Apprehensive, she turns towards me, but says nothing, sizing me up. I explain to her that this is where I grew up, in this building, and that I come here sometimes just to feel at home. I see a shift in her. She lowers her protective shield, realizing I’m not an enemy. She finally responds.“Yeah, I stay here. The basement door is always open. I stay here with my friends.”

            I tell her, “I haven’t been inside since we moved. My great-grandmother bought this house in the early 70s and it has been in my family since then. Until we sold it.”

            I linger on this statement in my mind. My grandparents immigrated here from Ukraine when they were kids, escaping WWII, after spending years in DP camps in Germany and Austria. They both grew up in Brooklyn, in this same neighborhood and eventually met in their teens. My mother and her sisters all lived in this house with their grandmother–my great-grandmother–at various times throughout their childhoods. My great-grandmother passed away here, in this house. I was born here and lived here my entire childhood, until my grandmother sold the house four years ago. I spent every holiday there with extended family–cousins, aunts, uncles, various in-laws. Christmas was my favorite. We would set up two long folding tables in the living room on the ground floor, cramming everything into the limited space like a jigsaw puzzle. Sometimes we would have over 20 people on mix-and-match chairs sitting around the table, set with linens embroidered with traditional Ukrainian designs. My mom has old black and white photographs of my grandmother and great-grandparents spending holidays in the same room, the multi-course, meatless Christmas Eve dinners or the hams and assorted porks of post-church Easter meals visible in the photos. I often wondered if their celebrations were as chaotically joyous as ours.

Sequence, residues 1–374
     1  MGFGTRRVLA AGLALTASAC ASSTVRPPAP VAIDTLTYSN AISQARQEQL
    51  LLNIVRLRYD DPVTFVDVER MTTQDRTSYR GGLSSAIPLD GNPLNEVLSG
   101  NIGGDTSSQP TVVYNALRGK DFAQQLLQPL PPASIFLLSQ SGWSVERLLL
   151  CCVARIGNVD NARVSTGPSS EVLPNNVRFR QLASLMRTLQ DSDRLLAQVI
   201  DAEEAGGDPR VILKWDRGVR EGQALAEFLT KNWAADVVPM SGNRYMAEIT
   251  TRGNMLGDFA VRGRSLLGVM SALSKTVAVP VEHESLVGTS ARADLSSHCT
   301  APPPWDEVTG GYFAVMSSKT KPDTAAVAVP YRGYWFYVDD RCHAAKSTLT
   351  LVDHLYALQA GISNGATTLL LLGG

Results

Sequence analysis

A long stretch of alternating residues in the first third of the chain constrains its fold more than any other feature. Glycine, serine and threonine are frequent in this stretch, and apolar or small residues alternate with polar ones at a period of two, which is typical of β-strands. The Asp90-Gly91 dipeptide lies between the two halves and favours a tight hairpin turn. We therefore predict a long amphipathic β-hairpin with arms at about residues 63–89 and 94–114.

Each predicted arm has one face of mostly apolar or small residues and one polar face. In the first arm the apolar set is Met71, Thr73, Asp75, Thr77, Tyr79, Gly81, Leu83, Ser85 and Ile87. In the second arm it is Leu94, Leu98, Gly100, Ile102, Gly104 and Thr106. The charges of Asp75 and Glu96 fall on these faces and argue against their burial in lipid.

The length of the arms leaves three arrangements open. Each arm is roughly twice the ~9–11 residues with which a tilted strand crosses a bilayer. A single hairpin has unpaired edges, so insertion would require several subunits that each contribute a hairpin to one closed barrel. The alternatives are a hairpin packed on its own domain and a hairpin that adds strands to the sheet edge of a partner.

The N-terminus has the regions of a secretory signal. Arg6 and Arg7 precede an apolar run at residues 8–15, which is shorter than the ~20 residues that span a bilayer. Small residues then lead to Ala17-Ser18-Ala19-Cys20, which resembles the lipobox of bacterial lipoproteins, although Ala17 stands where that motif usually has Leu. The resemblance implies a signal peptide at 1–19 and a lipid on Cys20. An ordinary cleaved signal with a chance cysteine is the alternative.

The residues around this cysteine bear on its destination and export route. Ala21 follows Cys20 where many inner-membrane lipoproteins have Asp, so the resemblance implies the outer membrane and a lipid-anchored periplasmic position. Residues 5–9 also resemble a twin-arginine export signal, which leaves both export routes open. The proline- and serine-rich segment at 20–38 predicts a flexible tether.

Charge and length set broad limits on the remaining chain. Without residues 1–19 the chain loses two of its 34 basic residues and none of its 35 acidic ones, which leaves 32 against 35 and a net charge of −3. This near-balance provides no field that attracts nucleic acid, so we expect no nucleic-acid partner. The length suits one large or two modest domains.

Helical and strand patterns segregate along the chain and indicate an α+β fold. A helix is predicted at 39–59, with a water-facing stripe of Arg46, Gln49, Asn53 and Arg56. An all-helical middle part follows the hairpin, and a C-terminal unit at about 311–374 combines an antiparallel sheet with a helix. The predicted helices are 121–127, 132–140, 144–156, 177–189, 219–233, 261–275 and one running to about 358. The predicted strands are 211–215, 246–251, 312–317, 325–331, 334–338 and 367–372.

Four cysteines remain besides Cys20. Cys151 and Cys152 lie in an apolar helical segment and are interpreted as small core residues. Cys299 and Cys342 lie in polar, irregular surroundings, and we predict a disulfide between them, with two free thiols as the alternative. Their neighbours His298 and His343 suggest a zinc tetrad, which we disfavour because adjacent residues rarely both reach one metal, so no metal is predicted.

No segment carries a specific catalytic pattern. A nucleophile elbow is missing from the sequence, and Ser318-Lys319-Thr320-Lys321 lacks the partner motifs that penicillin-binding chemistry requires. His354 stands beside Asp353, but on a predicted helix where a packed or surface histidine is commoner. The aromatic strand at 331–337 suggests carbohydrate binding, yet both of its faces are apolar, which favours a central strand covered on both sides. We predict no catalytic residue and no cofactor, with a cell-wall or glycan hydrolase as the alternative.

There are three apartments in the building, sprawled over four floors, all once occupied by relatives and family friends. Yellow peeling linoleum covered the hallway floors and steps of all the staircases, leading upstairs. There were more doors than rooms in the building, a result of many incomplete renovations. Each apartment had a marble fireplace, each doorway covered in detailed trim, and tiles of every color and shape could be found inside. My favorite tiles were the ones that covered the walls of the bathroom of the ground floor, that also led out to the backyard. They were perfect pink squares surrounded by blue rectangles with hand painted flowers. The backyard was beautiful. There were perpetual packs of cautious feral cats roaming around; grapevines covered each fence; and shady trees towered taller than our buildings, four stories high; all hidden from the outside world. My floor-to-ceiling, bedroom bay-windows overlooked the backyard and I remember always looking out at my secret forest under the night sky. I used to call it the Brooklyn Forest. I’m sure it more closely resembles a jungle now, wild and overgrown, without my mom and aunt to care for it and keep it neat and tame.